The welfare costs of deflation

Unlike inflation, a discussion of the welfare losses associated with deflation is not overly complex. The reason is straightforward to the extent that deflation in combination with downward price stickiness leads to quantity adjustments, the welfare losses are the forgone exchanges that would have taken place if the deflation had not happened. These forgone exchange are also obvious, in that unsold goods appear on store shelves and unsold labor shows up as increases in unemployment. The...

Wage rigidity inflation and suboptimal full employment

Hutt's emphasis on the role of individual wage rates, and skepticism of aggregation in studying the labor market, led him to distinguish between 'optimal' and 'sub-optimal' situations of full employment. Optimal full employment occurs when wages are free to adjust and monetary equilibrium is being maintained. In those circumstances, workers will be able to find work, at some wage rate, in those areas where their skills lie. Capital assets will also be fully employed in the appropriate avenues...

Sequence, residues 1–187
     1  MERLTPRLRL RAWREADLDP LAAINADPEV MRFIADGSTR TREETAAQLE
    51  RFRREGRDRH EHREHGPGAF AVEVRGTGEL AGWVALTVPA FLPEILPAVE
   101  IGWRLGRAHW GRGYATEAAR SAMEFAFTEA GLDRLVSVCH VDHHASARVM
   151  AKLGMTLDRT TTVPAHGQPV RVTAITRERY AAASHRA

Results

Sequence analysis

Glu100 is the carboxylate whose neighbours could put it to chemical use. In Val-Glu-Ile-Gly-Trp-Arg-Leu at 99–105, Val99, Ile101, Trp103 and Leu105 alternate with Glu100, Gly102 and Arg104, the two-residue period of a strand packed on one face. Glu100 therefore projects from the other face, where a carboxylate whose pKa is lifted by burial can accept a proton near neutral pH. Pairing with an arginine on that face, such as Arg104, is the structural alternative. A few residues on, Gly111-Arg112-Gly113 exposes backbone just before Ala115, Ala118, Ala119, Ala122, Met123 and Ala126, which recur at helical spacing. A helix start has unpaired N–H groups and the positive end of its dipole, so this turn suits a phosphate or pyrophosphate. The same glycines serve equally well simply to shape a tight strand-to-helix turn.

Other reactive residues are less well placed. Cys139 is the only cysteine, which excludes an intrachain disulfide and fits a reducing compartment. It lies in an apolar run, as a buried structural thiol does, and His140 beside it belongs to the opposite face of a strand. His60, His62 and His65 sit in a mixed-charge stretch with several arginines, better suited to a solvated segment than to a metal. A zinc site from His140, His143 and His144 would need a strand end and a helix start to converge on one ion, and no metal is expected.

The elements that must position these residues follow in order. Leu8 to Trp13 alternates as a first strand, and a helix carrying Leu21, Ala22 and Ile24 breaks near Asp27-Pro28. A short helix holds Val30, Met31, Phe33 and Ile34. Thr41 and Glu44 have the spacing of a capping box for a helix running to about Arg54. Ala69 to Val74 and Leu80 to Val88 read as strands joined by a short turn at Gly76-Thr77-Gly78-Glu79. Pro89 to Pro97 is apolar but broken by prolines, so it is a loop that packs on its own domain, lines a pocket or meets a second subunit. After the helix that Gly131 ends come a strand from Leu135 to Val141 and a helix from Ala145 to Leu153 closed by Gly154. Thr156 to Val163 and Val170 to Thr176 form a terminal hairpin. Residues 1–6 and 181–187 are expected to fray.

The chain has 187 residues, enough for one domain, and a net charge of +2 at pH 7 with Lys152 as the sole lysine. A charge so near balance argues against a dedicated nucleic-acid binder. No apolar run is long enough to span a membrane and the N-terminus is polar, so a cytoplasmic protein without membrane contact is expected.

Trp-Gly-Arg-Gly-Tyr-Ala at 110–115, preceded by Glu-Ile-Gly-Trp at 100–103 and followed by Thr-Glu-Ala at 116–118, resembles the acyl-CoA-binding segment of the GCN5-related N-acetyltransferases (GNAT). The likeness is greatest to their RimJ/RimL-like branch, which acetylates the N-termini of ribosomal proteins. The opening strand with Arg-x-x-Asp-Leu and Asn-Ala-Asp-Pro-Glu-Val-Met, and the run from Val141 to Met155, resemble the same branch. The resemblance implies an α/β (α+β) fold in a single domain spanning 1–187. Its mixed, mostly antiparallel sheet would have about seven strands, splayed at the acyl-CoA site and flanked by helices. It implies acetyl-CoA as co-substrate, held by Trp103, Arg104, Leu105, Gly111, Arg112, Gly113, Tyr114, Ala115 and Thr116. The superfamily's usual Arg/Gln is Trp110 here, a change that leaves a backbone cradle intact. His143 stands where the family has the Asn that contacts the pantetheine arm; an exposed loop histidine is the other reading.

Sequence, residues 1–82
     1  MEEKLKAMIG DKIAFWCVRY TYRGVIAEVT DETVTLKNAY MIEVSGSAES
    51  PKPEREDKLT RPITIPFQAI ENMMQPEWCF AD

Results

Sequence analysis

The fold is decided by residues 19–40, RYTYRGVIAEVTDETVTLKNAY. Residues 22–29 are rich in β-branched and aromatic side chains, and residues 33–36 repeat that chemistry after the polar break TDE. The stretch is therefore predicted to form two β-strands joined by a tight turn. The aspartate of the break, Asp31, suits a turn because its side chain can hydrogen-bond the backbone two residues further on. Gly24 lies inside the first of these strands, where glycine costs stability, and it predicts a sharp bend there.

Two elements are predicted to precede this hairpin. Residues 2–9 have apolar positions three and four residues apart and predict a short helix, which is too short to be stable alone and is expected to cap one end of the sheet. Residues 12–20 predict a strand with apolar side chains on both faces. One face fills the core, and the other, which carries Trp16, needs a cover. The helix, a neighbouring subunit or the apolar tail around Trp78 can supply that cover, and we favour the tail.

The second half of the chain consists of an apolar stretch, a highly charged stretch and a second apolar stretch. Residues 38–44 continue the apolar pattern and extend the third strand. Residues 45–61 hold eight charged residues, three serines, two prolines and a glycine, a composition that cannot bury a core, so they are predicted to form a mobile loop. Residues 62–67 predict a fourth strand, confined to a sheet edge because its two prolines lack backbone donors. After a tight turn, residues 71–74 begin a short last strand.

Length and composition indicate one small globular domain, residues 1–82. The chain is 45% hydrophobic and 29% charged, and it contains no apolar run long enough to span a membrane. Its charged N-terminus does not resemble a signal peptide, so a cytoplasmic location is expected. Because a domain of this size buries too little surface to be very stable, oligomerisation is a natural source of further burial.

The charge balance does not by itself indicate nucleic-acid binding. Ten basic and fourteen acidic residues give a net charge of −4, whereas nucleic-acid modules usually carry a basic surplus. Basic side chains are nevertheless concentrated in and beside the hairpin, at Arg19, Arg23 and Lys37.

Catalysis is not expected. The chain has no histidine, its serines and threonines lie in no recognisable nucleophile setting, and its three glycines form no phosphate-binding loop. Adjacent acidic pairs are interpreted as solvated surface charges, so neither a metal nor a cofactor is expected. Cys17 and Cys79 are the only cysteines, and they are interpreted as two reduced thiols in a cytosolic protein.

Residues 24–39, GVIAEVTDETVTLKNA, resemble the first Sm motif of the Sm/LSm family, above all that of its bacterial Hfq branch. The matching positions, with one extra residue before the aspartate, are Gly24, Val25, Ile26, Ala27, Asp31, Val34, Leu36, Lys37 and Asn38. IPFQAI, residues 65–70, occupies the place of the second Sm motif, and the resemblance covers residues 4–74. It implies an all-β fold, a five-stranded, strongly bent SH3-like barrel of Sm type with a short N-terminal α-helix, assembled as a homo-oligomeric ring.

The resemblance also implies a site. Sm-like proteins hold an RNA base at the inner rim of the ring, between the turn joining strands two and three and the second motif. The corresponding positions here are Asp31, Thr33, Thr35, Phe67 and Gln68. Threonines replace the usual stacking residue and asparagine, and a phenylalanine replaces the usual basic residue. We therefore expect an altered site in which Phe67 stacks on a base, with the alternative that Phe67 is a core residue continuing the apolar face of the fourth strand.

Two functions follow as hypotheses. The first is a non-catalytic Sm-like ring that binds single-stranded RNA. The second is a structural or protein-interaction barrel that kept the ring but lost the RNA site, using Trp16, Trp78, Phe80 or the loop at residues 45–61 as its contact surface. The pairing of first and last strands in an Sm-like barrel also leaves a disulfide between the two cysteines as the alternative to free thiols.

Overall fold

The capital structure and Austrian business cycle theory

Consistent with our focus on the importance of intertemporal coordination, we can take our analysis of relative price effects one step further. Not only will such effects be of importance for the relative price structure at a point in time, but they will also matter for the intertemporal price structure. Some of the most significant welfare costs of inflation are those associated with the havoc it wreaks on the capital structure. Using Austrian microfoundations gives us the ability to...